Anyone who has ever been in church is familiar with the hymn, “What a Friend We Have in Jesus.” It was written by a son to comfort his mother whom he had left behind in
when he came to the United
States in the 1850s. According to the hymn,
Jesus is our friend because he bears our burdens and sorrows. The hymn writer
wrote the hymn to assure his mother that though he couldn’t be there with her,
Jesus is with her and he is a friend like no other. He asks, “Can we find a
friend so faithful, who will all our sorrows share?” Yes, we have a friend in
Jesus, but the question I want to ask: Does Jesus have a friend in me? Am I the
friend of Jesus?
Jesus says to his disciples gathered with him in the upper room: “I no longer call you servants, because servants do not know their master’s business. Instead, I have called you friends, for everything I learned from my Father I have made known to you” (John 15:15).
It sounds like a promotion doesn’t it? Going from servant to friend. Being a servant, however, is not a bad thing. In fact, being a servant of God is always a high honor in the biblical tradition. It’s very likely that Jesus thought of himself as God’s Servant after the manner of the Servant Songs in the book of Isaiah. Certainly, his first followers made that connection.
Jesus embodied the life of God’s Servant and taught his disciples to do the same. This is surely at the heart of what the feet washing is about in John 13. When Peter objects to Jesus washing his feet, Jesus says to him, “Unless I wash you, you have no part with me” (13:8). Jesus is saying, “Unless you allow me to teach you how to be a servant, you cannot share in my mission, you cannot be about what I am about.”
Maybe friendship with Jesus is a kind of relationship that we have to grow into. Perhaps it is a stage of discipleship that is not a given, but a relationship that we must nurture and develop. Until we learn how, with some humility, to be a servant of one another, to wash one another’s feet, we cannot enter with Jesus into that next stage of discipleship. Until I can say, “Yes, I am my brother and sister’s keeper. I have a responsibility to my sisters and brothers in the human family. I am a servant of all,” then I cannot share in a friendship that is a partnership in the
When Jesus says to his disciples, “Everything I have learned from my Father I have made known to you,” what is he talking about? Jesus is certainly not talking about a mere sharing of information. Surely he is talking about a relationship, a shared intimacy, a sharing of God’s passion and heart for the world. This is why Jesus can say, “You did not choose me, but I chose you and appointed you so that you might go and bear fruit—fruit that will last” (15:16). This fruit is what flows from our lives quite naturally when we abide in Christ, when we share Christ’s heart, love, and passion for the world.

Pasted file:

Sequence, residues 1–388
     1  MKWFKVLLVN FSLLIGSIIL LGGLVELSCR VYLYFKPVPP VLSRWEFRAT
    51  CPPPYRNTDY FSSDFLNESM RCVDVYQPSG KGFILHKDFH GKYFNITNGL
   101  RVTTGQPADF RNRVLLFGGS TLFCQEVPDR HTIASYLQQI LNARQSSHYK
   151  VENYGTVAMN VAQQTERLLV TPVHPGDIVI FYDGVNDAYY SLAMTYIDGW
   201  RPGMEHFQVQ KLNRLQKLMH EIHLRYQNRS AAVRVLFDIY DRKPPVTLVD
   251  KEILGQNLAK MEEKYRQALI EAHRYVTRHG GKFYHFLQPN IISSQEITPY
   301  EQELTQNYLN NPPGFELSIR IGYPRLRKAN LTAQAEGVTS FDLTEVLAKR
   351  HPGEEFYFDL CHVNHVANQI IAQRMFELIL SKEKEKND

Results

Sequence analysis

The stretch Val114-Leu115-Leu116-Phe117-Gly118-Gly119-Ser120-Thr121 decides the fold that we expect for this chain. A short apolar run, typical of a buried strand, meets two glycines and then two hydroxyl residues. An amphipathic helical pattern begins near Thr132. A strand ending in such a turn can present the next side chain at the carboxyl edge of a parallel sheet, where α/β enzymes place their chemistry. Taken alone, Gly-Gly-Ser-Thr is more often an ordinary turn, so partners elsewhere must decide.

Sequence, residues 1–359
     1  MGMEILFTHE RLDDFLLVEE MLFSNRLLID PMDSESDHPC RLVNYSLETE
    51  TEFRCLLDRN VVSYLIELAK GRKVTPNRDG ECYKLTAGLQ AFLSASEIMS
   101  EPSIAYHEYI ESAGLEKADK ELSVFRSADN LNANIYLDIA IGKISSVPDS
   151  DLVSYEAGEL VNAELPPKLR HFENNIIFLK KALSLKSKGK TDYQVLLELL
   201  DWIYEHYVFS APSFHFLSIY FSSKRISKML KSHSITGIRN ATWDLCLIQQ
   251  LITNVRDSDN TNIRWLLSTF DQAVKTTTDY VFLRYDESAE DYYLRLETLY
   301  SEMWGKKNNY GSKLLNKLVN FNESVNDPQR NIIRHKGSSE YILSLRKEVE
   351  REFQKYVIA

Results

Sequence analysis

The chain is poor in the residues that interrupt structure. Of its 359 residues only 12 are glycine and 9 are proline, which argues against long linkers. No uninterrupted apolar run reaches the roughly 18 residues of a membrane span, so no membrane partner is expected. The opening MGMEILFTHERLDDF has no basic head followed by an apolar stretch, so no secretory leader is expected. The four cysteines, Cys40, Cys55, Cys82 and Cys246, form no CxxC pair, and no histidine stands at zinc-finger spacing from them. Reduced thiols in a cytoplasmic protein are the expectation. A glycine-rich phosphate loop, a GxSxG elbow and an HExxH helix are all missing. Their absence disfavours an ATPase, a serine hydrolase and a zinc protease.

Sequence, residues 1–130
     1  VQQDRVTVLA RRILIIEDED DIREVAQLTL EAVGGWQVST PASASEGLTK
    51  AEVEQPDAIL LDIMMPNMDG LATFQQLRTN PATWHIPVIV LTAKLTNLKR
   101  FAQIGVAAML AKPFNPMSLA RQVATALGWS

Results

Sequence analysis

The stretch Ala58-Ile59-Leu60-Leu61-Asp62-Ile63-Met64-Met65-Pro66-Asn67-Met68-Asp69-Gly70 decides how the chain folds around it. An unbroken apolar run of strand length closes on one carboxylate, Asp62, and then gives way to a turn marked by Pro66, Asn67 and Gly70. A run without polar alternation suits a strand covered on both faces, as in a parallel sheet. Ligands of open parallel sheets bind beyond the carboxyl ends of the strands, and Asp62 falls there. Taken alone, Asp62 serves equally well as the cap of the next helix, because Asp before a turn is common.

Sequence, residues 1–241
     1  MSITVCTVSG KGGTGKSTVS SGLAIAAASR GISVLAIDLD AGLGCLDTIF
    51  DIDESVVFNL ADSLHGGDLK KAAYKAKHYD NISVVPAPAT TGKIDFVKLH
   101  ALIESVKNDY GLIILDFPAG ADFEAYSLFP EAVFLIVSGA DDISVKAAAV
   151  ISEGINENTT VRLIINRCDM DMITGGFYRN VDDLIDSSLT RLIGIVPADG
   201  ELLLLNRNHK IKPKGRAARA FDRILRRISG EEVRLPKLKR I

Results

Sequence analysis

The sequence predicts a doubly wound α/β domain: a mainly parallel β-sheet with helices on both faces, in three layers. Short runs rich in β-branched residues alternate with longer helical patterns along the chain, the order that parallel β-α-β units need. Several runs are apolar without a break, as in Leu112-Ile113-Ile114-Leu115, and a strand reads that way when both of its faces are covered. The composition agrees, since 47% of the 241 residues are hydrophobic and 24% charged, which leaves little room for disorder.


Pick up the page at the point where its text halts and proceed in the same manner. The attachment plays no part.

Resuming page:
To be a friend of Jesus is to share and bear the intimate knowledge of God’s love and passion for the world. It is to share in what God is doing and how God is doing it. The fruit of friendship with Christ consists of acts of peacemaking, works of forgiveness and reconciliation and restorative justice, deeds of healing and compassion. This is why Jesus could say, “You are my friends if you do what I command.” And, of course, what Jesus commands is love (15:12, 17)
Friendship with Jesus is both a wonderful gift and a terrible burden. It’s an immense joy to be able to share first-hand experience of God’s great love for the world. It’s also a crushing weight. This burden is hard to explain. Perhaps the best analogy is a mother’s love. A loving mother suffers with her suffering child and would gladly bear the suffering herself if she could. The loving mother suffers more when her child suffers that when she herself suffers. That’s the burden of friendship.
Tony Campolo tells the story of being on a landing strip just outside the border of the
Dominican Republic in northern Haiti. A small
airplane was supposed to pick him up and fly him back to the capital city. As
he waited, a woman approached him holding her child in her arms. The baby was
emaciated—his arms and legs were like sticks and his stomach swollen from lack
of food. She held up her child to Campolo and began to plead with him, “Take my
baby! Take my baby!” she cried, “If you don’t take my baby, my baby will die!”
Campolo tried to explain why he couldn’t take her baby, but she would not listen. No matter which way he turned, she was in his face, crying, “Please, mister, take my baby!” She kept saying, “Take my baby to a hospital. Feed my baby. Save my baby. Please take my baby!”
Campolo breathed a sigh of relief when the Piper Cub airplane came into sight. The minute it touched down he ran to meet it. But the woman kept running after him screaming, “Take my baby! Please, take my baby!” Campolo boarded the plane as fast as he could. The woman ran alongside the plane as it started to take off, the child in one arm and with the other banging on the plane.
Halfway back to the capital, Campolo says it hit him with a force. He thought of Matthew 25, where Jesus says to the righteous, “I was hungry and you gave me something to eat. I was thirsty and you gave me something to drink . . . in as much as you did it to the least of these, you did it unto me.” Then he realized that the baby was Jesus.
It feels good singing, “What a friend we have in Jesus” doesn’t it? Who wouldn’t want to have a friend to help us bear our griefs and sorrows? But the more important question: Does Jesus have a friend in me? Am I the friend of Jesus?